A single night of binge drinking can also result in:

  • High blood pressure, irregular heartbeat, or sudden death from heart failure
  • Kidney damage from dehydration 
  • Infection from vomit or saliva entering the lungs
  • Dangerously low blood sugar (hypoglycemia), affecting the pancreas
  • Sexually transmitted infections (STIs) and unplanned pregnancies from unprotected sex

Long-term Effects of Binge Drinking on Your Body

It’s important to understand that even short-term binging can lead to long-term consequences. Long-term effects may be:

  • Pregnancy complications, miscarriages, and stillbirths
  • Fetal alcohol spectrum disorders
  • Chronic diseases such as:
    • High blood pressure (hypertension) 
    • Stroke  
    • Heart disease
    • Liver disease
  • Cancer of the breast, mouth, throat, esophagus, liver, colon, or rectum
  • Memory and learning impairment
  • Alcohol use disorders

How Binge Drinking Affects Your Home and Work-Life 

It’s not surprising that, given the toll that it takes on your body and brain, binge drinking can quickly lead to severe changes in your health that can, in turn, impact your personal relationships, work status, finances, and quality of life. Physical and cognitive impairment can lead to domestic violence, affect your ability to communicate with your partner, care for your children and provide a safe, stable living environment. 

This same impairment can affect how you are able to function at work. Depending on your professional role and duties, you may even place colleagues and clients in harm’s way, whether physically or financially. Even young adults can jeopardize their futures by binge drinking. A study published in the Journal of Applied Psychology reported that “A student who binge-drinks four times a month has a 6 percent lower probability of finding a job than a student who does not engage in similar drinking habits. Those students who drank heavily six times a month increased their unemployment probability to 10 percent.”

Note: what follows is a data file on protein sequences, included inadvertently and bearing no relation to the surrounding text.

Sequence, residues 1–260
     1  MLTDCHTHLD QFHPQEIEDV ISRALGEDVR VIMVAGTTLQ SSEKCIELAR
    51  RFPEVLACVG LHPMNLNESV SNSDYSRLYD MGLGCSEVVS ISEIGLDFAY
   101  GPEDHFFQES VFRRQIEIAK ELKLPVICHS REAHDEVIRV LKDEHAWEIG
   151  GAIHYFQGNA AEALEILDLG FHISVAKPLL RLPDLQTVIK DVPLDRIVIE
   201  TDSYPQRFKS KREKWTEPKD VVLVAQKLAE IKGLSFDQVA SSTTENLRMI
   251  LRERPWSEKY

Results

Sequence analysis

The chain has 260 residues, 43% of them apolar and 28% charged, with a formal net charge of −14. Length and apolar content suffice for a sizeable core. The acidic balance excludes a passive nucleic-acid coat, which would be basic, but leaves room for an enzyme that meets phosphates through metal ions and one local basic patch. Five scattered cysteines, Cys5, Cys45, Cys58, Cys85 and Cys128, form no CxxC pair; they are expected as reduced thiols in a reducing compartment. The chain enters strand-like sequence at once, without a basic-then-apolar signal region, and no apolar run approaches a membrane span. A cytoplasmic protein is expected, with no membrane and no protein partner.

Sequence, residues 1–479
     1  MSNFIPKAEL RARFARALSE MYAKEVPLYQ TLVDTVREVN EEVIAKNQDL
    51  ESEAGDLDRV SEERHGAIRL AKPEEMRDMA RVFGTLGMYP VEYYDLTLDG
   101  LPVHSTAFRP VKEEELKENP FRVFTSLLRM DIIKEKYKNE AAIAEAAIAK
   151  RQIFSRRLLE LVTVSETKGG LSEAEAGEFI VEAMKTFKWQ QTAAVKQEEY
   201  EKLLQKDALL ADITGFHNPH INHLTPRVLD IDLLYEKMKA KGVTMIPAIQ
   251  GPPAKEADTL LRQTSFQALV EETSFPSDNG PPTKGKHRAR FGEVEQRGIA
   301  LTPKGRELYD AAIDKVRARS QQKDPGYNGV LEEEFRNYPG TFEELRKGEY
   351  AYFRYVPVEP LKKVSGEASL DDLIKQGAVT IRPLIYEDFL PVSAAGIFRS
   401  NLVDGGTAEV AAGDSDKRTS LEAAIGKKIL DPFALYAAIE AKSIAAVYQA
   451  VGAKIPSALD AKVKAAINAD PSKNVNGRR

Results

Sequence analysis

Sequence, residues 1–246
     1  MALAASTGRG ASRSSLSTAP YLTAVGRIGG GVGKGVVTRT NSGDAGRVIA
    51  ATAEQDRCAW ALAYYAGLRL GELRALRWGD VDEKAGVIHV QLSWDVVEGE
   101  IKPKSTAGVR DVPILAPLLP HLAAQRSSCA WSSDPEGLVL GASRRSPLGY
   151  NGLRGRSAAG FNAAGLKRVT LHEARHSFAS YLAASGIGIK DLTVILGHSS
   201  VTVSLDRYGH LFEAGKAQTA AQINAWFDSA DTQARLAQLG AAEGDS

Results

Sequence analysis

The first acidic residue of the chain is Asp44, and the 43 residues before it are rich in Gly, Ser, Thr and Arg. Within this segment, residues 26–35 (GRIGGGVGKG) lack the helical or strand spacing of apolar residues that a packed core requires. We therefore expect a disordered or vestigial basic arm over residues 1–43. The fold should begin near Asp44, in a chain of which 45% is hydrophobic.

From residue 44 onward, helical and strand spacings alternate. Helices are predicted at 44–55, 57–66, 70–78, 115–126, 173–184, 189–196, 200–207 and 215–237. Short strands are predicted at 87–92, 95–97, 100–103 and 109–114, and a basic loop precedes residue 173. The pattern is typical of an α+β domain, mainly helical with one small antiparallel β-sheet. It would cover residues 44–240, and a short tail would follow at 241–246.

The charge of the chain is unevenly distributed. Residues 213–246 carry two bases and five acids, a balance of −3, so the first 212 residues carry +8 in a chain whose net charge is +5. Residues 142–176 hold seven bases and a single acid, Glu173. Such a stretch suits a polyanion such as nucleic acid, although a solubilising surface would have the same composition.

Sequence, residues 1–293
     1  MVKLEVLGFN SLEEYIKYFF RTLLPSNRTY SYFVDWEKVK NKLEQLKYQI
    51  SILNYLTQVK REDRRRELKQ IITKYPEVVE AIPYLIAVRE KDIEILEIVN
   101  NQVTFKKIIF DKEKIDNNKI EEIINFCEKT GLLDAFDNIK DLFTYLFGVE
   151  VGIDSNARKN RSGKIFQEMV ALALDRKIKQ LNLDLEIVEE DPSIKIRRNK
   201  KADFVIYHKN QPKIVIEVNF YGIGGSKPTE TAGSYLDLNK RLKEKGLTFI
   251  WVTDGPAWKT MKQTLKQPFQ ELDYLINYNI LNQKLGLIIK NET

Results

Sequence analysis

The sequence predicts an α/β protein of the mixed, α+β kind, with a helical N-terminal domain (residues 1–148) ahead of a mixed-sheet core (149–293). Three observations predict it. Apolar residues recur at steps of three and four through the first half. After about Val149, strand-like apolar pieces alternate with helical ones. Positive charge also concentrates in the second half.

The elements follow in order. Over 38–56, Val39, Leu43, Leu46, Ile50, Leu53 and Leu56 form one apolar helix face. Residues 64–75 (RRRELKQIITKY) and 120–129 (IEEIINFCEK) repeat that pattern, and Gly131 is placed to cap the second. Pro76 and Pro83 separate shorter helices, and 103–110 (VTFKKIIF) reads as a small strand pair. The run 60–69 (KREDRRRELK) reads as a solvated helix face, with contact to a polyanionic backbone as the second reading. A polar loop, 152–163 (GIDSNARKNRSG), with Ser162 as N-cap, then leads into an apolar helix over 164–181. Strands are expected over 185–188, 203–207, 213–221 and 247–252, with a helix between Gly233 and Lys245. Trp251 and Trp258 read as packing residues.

Binge drinking is one of the deadliest drinking patterns among adults in the U.S. It has short- and long-term health repercussions for your body. Binge drinking can impact your personal and professional relationships, and lead to unintended behaviors with devastating consequences that cannot be undone. If you are binge drinking and want to stop, contact Authentic Recovery Center (ARC) today. Located in Los Angeles, California, we offer an interdisciplinary therapeutic drug and alcohol rehab with the highest level of care possible. We will tailor your treatment to your needs and maintain the utmost confidentiality during your stay with us. ARC offers the advanced clinical techniques necessary for treating both substance use disorders and co-occurring conditions, emphasizing evidence-based drug and alcohol treatment methods. Even after you leave us, rest assured that you will still receive the support and aftercare you need to continue your healing journey. Call us today at (866) 786-1376.